the spectrum borrowed from Dish, these 5G rollouts could prove essential for supporting the rising connectivity needs of T-Mo subscribers during a very challenging time for the nation and the world as a whole.The "Un-carrier" made a bunch of rather dry announcements that received little attention before the US government started taking the COVID-19 threat seriously, further expanding its already impressive "high-speed" network. Along with
Of course, unlike its rivals and future associate, T-Mobile didn't leave a lot of massively populated areas uncovered when deploying its "nationwide" 5G signal a few months ago. But Magenta still found a number of relatively large cities across several states in need of a network upgrade, enabling that in the last couple of weeks, as noticed by the folks over at TmoNews and detailed on the official website of America's third-largest wireless service provider.
These include Tallulah, Louisiana, Perryopolis, Reynoldsville, and Mercersburg, Pennsylvania, Old Fort, North Carolina, Lonaconing, Maryland, Folly Beach, South Carolina, as well as Jackson, Tennessee, Corvallis, Oregon, Twin Falls, Idaho, and Evansville, Indiana. That's a pretty solid wave of launches, following a couple of similarly low-profile rollouts across the Charleston and Huntington areas in West Virginia and the Lafayette Area in Indiana last month.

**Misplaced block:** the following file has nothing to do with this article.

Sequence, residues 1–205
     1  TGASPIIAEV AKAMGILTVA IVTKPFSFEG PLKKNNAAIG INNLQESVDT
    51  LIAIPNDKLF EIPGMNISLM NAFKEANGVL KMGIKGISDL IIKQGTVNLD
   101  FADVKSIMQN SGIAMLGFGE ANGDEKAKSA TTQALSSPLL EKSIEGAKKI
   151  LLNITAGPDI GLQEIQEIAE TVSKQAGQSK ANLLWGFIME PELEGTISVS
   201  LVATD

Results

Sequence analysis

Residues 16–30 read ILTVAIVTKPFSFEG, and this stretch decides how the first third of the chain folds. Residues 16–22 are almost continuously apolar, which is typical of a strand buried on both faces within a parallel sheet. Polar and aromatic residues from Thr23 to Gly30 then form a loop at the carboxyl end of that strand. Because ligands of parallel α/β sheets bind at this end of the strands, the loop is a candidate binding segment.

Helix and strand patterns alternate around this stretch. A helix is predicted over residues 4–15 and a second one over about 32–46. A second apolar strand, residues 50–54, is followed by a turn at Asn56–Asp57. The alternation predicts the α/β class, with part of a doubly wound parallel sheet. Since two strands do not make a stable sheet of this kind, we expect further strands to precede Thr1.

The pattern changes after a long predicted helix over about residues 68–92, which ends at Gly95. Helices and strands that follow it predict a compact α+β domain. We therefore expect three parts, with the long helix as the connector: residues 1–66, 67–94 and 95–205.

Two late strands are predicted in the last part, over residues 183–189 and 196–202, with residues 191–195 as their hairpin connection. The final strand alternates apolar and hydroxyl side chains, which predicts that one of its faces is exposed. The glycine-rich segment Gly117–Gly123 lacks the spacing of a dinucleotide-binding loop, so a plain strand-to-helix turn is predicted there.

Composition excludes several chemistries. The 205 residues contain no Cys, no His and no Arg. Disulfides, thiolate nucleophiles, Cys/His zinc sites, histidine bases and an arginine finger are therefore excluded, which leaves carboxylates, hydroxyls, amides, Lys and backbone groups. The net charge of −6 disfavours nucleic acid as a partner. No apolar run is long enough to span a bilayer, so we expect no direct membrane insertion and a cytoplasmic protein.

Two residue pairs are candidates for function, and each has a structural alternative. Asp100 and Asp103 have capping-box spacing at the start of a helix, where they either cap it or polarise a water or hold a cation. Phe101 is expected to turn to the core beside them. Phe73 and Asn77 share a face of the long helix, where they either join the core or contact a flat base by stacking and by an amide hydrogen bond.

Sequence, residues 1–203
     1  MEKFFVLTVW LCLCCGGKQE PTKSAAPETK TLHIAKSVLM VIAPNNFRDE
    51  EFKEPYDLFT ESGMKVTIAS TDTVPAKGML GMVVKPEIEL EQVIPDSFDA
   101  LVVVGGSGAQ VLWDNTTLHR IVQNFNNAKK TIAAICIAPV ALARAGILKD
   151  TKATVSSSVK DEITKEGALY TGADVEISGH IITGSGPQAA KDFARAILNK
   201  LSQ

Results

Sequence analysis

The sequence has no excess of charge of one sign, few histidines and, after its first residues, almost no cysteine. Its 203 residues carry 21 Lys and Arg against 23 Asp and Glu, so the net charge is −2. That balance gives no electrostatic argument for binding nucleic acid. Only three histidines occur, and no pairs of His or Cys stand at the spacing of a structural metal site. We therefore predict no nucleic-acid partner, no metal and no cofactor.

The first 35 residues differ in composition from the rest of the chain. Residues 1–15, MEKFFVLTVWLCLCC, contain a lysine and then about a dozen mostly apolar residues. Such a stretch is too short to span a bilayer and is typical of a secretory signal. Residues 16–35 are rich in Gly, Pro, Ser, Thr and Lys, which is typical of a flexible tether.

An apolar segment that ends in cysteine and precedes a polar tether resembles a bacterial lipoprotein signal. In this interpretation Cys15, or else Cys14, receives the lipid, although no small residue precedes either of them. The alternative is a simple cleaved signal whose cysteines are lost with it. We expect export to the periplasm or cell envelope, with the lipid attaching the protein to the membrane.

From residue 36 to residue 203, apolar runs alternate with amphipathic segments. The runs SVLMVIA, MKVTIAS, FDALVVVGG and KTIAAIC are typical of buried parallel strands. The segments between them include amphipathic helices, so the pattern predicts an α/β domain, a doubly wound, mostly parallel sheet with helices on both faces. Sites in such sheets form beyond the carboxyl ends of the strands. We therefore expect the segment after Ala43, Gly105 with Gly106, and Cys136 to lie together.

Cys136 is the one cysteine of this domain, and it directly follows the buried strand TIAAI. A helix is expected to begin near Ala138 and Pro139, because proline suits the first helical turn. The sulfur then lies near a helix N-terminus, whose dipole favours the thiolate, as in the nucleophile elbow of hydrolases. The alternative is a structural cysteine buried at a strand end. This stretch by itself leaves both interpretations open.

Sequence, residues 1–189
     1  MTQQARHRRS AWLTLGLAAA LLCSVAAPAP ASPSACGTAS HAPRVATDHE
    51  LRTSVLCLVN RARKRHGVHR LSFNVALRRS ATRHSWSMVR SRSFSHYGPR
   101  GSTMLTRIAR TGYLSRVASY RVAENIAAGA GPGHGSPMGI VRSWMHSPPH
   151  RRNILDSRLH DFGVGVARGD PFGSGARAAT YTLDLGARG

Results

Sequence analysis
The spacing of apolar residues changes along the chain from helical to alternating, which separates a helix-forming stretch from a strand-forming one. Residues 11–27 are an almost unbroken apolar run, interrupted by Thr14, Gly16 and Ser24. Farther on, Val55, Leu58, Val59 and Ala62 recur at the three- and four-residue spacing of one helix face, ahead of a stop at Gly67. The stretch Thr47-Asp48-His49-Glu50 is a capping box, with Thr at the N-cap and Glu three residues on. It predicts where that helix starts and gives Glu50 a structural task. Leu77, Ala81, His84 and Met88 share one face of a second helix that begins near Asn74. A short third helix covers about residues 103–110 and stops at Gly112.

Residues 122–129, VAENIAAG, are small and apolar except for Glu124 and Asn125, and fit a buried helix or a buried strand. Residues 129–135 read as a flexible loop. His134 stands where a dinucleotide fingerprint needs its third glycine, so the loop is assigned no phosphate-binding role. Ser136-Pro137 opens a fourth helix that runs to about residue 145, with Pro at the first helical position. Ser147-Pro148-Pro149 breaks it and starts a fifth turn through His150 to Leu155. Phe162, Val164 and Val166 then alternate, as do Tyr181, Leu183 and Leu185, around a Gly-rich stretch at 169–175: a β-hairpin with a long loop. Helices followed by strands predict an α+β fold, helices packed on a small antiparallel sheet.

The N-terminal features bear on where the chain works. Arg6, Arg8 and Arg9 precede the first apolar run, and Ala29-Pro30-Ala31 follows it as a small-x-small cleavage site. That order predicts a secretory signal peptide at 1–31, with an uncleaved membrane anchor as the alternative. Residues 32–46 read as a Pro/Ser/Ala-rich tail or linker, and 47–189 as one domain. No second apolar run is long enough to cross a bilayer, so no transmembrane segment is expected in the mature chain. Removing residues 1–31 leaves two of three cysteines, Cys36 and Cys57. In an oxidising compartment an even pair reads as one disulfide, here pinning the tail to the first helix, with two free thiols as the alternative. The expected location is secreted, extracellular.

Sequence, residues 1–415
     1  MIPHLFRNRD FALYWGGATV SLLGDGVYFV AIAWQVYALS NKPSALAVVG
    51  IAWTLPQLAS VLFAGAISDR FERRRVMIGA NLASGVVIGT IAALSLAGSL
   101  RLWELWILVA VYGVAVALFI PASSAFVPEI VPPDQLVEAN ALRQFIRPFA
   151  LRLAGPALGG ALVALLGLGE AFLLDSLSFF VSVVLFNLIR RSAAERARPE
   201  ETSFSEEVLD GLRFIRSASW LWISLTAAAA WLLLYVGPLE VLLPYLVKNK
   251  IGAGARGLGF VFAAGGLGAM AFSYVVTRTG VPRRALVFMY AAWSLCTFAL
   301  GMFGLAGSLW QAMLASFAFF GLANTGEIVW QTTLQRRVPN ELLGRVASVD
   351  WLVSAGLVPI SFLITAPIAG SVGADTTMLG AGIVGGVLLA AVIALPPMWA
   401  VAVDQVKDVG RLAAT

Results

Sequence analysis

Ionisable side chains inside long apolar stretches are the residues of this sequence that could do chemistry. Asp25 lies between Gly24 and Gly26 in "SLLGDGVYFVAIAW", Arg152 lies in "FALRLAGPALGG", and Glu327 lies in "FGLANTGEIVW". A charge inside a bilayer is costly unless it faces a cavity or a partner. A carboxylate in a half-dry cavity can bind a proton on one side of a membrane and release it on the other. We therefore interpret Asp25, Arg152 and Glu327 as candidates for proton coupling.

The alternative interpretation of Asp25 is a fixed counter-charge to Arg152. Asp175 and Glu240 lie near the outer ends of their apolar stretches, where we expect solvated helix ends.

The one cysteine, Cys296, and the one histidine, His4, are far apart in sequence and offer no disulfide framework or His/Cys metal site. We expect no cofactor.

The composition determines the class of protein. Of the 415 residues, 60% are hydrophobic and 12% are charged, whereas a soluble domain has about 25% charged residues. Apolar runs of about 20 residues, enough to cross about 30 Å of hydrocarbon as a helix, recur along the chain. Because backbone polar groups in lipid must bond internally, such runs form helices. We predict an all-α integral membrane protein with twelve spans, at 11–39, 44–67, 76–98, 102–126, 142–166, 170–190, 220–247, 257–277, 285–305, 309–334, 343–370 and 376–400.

In turn, that followed T-Mobile's outright mind-blowing 5G debut across more than 5,000 cities and towns nationwide back in December, providing a low-band 5G signal on a total area of over 1 million square miles for more than 200 million people.
Unfortunately, numerous real-world tests have revealed this low-band 5G network does not deliver dramatically improved speeds compared to the "Un-carrier's" 4G LTE signal, although upcoming mid-band upgrades made possible by Sprint should change that in many places.